EFL students made up approximately 10.4% of total tourist guest nights and 7.6% of total tourist expenditure – and spent about €148m in 2017, Deloitte estimates.
But the report also highlighted that for language centres the average turnover per student week, net of agency commission, fell by 1.7%, with the tuition revenue by student week losing almost 6 percentage points – primarily as a result of increased discounting.
“The total revenue per student week is showing a decrease which is not a long term sustainable solution”
At the same time, agency commission reached an estimated 30% of the total tuition revenue, in line with an increasing shift towards tour operator bookings at the expense of direct bookings.
“While the added arrival numbers show an increase in profitability for the schools, in reality, the total revenue per student week is showing a decrease which is not a long-term sustainable solution,” FELTOM CEO James Perry told The PIE.
“For this reason, FELTOM is working hard to find ways to understand the market better in order to be able to plan out a way forward for its member schools.”
And despite marketing initiatives from FELTOM, ELT Schools and MTA, Perry explained in a statement, other destinations are registering growth from certain countries while Malta sees a minimal increase on such arrivals.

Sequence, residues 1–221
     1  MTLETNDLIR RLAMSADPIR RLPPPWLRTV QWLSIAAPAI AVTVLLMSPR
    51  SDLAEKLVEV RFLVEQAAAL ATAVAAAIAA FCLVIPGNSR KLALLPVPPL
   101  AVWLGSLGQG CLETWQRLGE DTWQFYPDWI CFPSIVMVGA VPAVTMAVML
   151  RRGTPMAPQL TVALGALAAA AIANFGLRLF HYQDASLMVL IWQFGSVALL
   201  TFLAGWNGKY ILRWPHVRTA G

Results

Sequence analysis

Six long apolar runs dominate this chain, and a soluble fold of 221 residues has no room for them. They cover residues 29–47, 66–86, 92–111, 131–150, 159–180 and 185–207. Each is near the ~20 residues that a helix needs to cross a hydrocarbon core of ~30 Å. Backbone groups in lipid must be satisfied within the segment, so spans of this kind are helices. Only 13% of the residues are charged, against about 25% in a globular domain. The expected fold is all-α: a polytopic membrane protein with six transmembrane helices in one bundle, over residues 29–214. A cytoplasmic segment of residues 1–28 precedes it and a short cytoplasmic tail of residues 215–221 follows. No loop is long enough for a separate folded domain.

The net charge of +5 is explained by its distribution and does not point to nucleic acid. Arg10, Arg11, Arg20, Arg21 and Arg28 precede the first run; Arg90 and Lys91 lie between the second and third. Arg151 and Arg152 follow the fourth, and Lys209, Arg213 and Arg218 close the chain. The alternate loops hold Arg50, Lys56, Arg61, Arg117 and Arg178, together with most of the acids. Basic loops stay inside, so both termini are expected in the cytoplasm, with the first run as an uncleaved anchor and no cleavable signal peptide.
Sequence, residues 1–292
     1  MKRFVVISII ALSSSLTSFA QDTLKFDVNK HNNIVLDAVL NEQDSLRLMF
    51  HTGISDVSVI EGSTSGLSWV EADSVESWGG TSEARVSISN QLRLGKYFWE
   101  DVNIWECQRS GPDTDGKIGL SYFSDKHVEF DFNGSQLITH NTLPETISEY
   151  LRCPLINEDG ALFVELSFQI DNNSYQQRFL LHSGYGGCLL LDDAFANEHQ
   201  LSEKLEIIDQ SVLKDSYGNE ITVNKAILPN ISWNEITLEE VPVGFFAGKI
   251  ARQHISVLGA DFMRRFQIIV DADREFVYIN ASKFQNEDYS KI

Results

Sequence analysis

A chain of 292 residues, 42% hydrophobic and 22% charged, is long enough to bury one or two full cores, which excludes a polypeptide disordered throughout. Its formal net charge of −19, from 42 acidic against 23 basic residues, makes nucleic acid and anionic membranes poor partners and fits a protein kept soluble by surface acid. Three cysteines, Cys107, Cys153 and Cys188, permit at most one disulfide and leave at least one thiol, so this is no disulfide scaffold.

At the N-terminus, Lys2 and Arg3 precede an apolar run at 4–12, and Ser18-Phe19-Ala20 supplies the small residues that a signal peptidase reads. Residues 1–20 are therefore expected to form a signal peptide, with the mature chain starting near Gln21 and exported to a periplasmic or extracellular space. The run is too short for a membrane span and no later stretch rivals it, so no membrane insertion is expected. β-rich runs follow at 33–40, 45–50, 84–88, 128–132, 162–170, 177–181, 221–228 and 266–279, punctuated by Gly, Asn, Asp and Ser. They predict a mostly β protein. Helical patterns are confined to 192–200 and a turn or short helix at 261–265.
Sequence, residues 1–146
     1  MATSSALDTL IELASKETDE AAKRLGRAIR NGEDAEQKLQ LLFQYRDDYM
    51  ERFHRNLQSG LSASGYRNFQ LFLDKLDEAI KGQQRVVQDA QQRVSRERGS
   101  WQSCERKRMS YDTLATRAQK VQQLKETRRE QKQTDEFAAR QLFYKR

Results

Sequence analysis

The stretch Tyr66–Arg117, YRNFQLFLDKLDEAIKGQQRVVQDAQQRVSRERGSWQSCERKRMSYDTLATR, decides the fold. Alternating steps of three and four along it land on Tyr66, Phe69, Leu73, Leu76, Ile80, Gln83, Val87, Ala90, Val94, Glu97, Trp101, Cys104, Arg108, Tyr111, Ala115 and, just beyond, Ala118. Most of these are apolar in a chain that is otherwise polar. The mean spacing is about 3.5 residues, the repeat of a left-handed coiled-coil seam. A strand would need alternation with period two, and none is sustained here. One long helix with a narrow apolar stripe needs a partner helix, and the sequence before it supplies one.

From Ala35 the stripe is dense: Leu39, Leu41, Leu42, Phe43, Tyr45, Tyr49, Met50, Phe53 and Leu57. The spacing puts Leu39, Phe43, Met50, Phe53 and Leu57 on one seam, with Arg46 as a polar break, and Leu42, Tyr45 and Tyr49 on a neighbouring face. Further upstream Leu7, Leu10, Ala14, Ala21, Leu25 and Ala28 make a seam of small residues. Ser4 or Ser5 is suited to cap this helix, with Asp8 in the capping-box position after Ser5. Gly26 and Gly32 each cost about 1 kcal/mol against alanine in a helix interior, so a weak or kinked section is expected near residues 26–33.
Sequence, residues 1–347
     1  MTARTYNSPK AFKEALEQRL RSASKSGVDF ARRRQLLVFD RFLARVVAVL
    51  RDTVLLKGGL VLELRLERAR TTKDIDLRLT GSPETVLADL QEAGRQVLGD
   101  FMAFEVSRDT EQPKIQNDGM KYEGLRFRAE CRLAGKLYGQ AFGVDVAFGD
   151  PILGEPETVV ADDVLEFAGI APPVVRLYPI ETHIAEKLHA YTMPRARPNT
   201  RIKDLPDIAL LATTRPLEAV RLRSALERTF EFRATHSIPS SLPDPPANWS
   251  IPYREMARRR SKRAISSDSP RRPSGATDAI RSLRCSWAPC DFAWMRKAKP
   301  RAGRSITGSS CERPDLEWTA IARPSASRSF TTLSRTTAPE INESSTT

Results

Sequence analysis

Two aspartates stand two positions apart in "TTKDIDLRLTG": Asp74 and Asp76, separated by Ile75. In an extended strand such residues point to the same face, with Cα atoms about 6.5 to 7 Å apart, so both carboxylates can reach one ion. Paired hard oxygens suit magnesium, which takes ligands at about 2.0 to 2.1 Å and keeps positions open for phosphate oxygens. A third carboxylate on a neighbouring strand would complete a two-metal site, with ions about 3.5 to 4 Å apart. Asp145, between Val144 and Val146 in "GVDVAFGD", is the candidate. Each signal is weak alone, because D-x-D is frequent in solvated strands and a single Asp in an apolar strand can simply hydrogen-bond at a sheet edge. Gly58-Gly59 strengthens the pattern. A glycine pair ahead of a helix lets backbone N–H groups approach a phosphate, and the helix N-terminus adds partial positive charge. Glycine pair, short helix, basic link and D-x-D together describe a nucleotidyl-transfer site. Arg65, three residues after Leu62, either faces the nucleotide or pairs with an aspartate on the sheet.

“Competitive countries are registering an increase from the Asian and South American communities. While Malta has seen a slight increase over the years, there is more potential for growth and this is what FELTOM is trying to explore,” he told The PIE.
However, the outlook is positive. Malta has registered an increase in number of arrivals in 2017, when student numbers increased by 13.6% from 2016 according to a previously released report by Malta’s National Statistics Office. Perry added that 2018 is promising an even higher increase in arrivals.
Earlier in 2018, Malta announced changes to its student visa policy that will simplify and streamline the process for non-EU students and include work rights.